Final reminder: Congestion Charge consultation

TfL’s consultation on proposed changes to the Congestion Charge ends today.  This is your final chance to send in your comments.

Briefly, the notable proposed changes are these:

  • Abolish the Western Extension Zone (WEZ) — the section in Kensington and Knightsbridge, west of Park Lane and east of Shepherd’s Bush.  This was a manifesto promise of the mayor.  The WEZ has been unpopular with rich tories who want to drive to posh Knightsbridge shops, and with the residents of Shepherd’s Bush, Hammersmith, and Wandsworth, who believe that it has merely shifted the congestion into their own streets.
  • More discounts and exemptions for cars with low CO2 emissions, including exemptions for plug-in hybrids and any conventional car that emits less than 100g/km.
  • Increasing the charge by £1, to £9.

Roughly, my comments on these were:

  • If the CCharge zone is merely redistributing congestion to other neighbourhoods, why not extend it, all the way to the M25 if necessary?  If the shifted-congestion claim is true, then TfL’s proposal is endorsing the return of congestion (even worse than before, given the recently remodelled streets) to Knightsbridge and Kensington.  I can’t say I’m much of a fan of these particular neighbourhoods, but our friends at NHM and Imperial might want to let the mayor know what they think about his endorsement of a congested and polluted Kensington.
  • This implies that the purpose of the CCharge is to reduce carbon dioxide emissions.  It’s not.  Carbon emissions are important, but there are a whole suite of other equally important considerations, most notably saving our streets from the blight of continuous noisy intimidating gridlocked traffic, and saving a few of us from the particulate pollutants that kill 4-5,000 Londoners every year.  The new exemptions are an extra invitation for people to burn diesel in our streets — releasing pollutants so deadly that they would, if produced by anything other than a car, be illegal, and which will cost London taxpayers hundreds of millions of pounds — so long as they keep within the 100g/km CO2 limit
  • The price is, of course, absurd and regressive.  For most of the people who would want to drive in London — the bankers and drug dealers — £9 is nothing.  They’ll spend three times as much on lunch.  And for anybody who lives more than 30 miles out, it’s probably equal to a return train ticket.  The CCharge is failing, and will continue to fail, because the price is a token price — it’s not enough to put the Motorist off, but it’s sufficient to give them a sense that they have paid for a service, and are owed something in return, something that pedestrians, bus passengers, and cyclists have not paid for and are not owed.  The CCharge is the greatest example of our town planners attempting to manage the harm caused by car use, without actually solving the problem.  This practice is elsewhere exemplified by one-way systems, traffic signals, speed cameras, bus lanes, double-yellow lines, and forests of road signs.  Easily ignored, often useless, and yet frequently cited as evidence of the “War On The Motorist”.  Managing the problem isn’t working.  It’s time to simply close the central zone roads to any motor vehicle that doesn’t have a very good reason for being there.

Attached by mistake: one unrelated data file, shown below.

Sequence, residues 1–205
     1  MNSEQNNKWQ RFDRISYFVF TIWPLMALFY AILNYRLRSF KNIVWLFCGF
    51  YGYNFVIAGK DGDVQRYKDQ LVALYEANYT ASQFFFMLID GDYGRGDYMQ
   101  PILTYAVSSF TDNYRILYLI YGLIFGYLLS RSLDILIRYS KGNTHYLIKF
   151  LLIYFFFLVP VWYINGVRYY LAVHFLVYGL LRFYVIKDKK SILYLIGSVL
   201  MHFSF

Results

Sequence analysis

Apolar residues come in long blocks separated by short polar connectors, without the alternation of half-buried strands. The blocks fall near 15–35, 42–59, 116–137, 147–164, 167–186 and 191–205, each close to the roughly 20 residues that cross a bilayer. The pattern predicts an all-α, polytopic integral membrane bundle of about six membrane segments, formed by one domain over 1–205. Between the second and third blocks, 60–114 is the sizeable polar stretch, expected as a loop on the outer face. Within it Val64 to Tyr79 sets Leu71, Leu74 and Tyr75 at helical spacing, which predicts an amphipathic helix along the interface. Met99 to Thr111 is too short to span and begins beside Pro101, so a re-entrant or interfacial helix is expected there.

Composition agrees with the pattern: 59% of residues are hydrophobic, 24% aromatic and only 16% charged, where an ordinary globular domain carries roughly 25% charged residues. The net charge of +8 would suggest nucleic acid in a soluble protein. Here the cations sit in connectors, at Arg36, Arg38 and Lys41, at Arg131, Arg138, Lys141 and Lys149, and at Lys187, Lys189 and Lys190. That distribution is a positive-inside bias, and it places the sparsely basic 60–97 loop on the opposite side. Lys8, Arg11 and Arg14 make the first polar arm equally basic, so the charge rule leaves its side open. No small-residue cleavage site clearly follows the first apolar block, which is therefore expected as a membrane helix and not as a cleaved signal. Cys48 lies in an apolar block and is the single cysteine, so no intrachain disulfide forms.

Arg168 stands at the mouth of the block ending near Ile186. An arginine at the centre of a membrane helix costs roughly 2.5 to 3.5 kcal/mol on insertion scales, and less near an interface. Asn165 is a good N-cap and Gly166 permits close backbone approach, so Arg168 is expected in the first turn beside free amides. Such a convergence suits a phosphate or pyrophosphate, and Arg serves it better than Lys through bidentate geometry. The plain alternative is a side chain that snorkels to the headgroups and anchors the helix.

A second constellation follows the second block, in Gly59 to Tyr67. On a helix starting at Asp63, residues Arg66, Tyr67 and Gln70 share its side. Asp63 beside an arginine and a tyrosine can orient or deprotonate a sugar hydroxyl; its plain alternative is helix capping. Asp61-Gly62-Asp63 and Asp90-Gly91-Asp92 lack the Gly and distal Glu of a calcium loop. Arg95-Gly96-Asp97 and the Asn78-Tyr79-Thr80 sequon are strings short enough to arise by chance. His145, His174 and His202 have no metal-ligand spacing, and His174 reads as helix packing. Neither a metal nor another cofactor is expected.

I’m not really sure what I’m asking the mayor to do.  Strengthen the CCharge as an interim solution, until the problem can be tackled properly, I think.

(Tip of the hat to Clean Air London, @CleanAirLondon.)

3 thoughts on “Final reminder: Congestion Charge consultation”

  1. Dear Joe

    Thanks for analysing the issues raised today by the closing of the consulation on the future of the western extension of the congestion charging zone (WEZ).

    The Campaign for Clean Air in London (CCAL) objects to the proposed removal of the WEZ for a whole load of reasons including those listed on its website:

    Four well-known groups have joined CCAL today in condemning the Mayor’s proposal to remove the WEZ: Campaign for Better Transport, ClientEarth, Environmental Protection UK and Friends of the Earth.

    CCAL thinks of types of transport measures as being in two overlapping ‘circles’: emissions and congestion. Emission measures, such as low emission zones, focus mostly on reducing harmful emissions (but also deter some traffic). Congestion measures, including things like road pricing, focus mostly on reducing congestion (but reduce harmful emissions since vehicles at 20 mph are about half as polluting as those at 5 mph). CCAL calls these “The London Circles”.

    London needs to tackle congestion and harmful emissions. CCAL is advocating one or more additional inner London low emission zone (LEZ) like that in Berlin:

    Germany had 40 such zones in place by the end of 2009 whereas the UK has just one big, blunt one around London (and the Mayor is in the process of deferring Phase 3 of it from October 2010 to January 2012).

    In CCAL’s view, we should focus on keeping the most polluting vehicles (i.e. diesel) out of the most polluted places. For CCAL, it is about protecting public health not warring on anyone!

    With best wishes.

    Yours sincerely

    Simon Birkett
    Campaign for Clean Air in London

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